Friedreich’s ataxia (FA) brings lots of change in many different ways.
In a previous post a talked about losing the ability to feel the vibration of a tuning fork in my big toe (I have only lost the ability to feel light touch so it will still hurt when you step on my toe). At first thought this loss may seem somewhat insignificant; however it translates to being able to feel the gas pedal and the brake pedal while driving. I think we can all realize how significant driving is. It is the main way most of us get from place to place. Beyond the practical side of the issue, driving provides a great feeling of independence and freedom. It is tough to think about losing the ability to go anywhere, anytime. I realize there are many ways to get around including public transportation but it is unfortunate to be forced into any situation.
If I am being honest, I have been dealing with this issue for several years. The gas and brake pedals are in a slightly different configuration in pretty much every car. During my travels I rent cars all the time so I use many different slight variations on the gas/brake configurations. To a completely able bodied person this is not an issue because they are able to feel the pedals and adjust when the pedals are in a slightly different place than the car they drive every day. However for me it is all muscle memory and my muscles only remember the gas/brake that I drove from 2005-2013, my Truck (yes, I miss it every day). In my minivan the gas/pedal are in slightly different places. This led to a couple nerve racking situations and one night I decided I was sick of feeling nervous and apprehensive every time I got in the drivers seat. So I decided I was not going to drive with my feet anymore. This was an emotional decision. It meant that in yet one more aspect of my life I would need to acknowledge, face the facts, and make some concessions. It was a tough decision because I could have probably gone on for a while just being nervous and really careful, but it was a chance I was no longer willing to take. There are much more important things to take up my thoughts, energy, and nerves.
So the next day I called the adaptive driving place and found out it would be a week and a half before they could install controls in my car. That meant I would have to bum rides and stay with coworkers until my install appointment. And it was the week of Ride Ataxia Philadelphia and the CHOP symposium – one of the busiest weeks of the year for the FARA staff. I could have planned a little better…however, the time is NEVER right for a change like this.
Thank you to the FARA staff and especially my partner in crime, Felicia for providing support and getting me through the situation. The ride was great! It was our most successful event to date with 475 riders and over $220,000 in fundraising! Additionally the CHOP Symposium was a huge success with lots of information, new connections, and old friends.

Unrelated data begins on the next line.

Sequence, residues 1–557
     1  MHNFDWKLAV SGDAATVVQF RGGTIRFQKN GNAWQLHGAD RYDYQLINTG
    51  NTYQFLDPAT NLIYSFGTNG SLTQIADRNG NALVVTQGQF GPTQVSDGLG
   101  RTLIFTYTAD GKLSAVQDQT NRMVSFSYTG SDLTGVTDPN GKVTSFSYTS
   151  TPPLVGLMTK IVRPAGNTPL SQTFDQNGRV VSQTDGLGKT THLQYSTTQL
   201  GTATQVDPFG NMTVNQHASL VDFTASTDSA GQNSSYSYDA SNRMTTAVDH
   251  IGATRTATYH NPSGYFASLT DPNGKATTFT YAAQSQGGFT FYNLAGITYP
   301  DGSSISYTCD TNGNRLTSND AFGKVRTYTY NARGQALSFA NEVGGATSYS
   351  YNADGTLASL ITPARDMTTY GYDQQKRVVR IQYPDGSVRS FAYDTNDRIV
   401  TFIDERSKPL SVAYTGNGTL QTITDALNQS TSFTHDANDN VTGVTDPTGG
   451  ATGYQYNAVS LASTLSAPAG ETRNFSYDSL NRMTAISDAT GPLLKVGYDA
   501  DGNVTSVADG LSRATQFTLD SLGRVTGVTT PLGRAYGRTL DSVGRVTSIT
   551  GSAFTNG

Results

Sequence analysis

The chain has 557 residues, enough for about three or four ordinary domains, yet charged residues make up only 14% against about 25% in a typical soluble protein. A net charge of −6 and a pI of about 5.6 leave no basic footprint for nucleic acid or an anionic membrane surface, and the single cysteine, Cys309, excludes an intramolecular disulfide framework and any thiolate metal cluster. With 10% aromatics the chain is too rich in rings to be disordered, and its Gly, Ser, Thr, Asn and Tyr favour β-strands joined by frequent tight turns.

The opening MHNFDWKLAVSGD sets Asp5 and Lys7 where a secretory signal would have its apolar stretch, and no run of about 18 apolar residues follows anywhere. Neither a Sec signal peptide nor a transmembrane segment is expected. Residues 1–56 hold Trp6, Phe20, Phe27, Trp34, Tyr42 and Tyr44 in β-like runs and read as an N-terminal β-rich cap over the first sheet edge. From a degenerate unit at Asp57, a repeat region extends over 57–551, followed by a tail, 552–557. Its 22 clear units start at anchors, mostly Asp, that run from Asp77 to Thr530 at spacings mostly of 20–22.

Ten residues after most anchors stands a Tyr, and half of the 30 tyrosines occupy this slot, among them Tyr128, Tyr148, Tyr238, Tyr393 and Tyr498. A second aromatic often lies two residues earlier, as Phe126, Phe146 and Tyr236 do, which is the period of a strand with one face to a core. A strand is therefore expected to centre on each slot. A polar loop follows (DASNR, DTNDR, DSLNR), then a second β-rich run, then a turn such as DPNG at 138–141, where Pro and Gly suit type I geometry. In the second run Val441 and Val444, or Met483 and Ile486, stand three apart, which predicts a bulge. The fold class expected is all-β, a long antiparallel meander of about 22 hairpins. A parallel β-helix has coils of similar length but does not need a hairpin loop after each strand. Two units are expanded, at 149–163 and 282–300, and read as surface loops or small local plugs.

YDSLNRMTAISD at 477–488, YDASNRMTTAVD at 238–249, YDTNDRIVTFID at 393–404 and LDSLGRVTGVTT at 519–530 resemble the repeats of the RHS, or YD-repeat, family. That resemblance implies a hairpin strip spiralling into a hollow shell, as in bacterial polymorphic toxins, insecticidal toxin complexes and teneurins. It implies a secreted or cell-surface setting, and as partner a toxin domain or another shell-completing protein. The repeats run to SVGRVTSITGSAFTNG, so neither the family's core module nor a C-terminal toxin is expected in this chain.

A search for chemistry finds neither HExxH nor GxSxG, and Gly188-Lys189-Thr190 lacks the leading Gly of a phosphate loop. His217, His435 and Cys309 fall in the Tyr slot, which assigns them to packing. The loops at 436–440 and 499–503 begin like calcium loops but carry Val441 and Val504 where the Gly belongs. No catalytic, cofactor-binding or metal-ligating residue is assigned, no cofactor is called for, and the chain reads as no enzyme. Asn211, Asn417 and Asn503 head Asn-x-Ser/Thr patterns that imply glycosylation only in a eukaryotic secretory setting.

I dropped off my van in the morning and it was ready in the afternoon. It was pouring rain when I picked it up. The guy told me to take it for a spin around the block and I was really nervous as I pulled out of the parking lot. The only previous experience I had with hand controls was entirely in a parking lot with an instructor so as I accelerated by pulling back with my hand, my heart was pounding harder than the rain coming down on the windshield. As I reached 35mph I again got nervous about how I was going to stop, but then I remembered all I have to do is push forward. And I stopped! A smile of relief and regained confidence began to form on my face as I started and stopped in the vicinity of the shop. The guy told me to come back in a month for a routine safety check and I was off on my own.
The next morning I merged onto the highway for the first time and once again my heart was racing and I caught myself smiling. My drive to work is about 25 minutes mostly on The Pennsylvania Turn Pike which means I am driving with the flow of traffic at 65-70 miles an hour the entire time. My hand controls have a “sideways joystick” type thing for the gas and brake and then there is a spinner knob on the wheel so I can steer all the way around with one hand.
So both of my hands are occupied when I am driving. The first time I drove to work I was a little nervous so I put a death grip on the spinner knob. When I got to work my forearm was out of commission for a couple hours. Additionally as both of my hands were occupied I was surprised at how many annoying itches were in my beard, hair, and on my face during that half hour (yes, I showered that morning). The turn signal is another challenge when both hands are occupied. I have had some dirty looks, and a few honks as I made a turn or changed lanes. I think those people would probably be grateful if they realized I had the choice between the turn signal and running into them.
Constantly losing abilities is an unfortunate reality of FA for now. However I think focus is key. Losing the ability to drive with my feet only changes the HOW rather than the WHAT. I will remain focused on what I love to do even as how I get it done changes.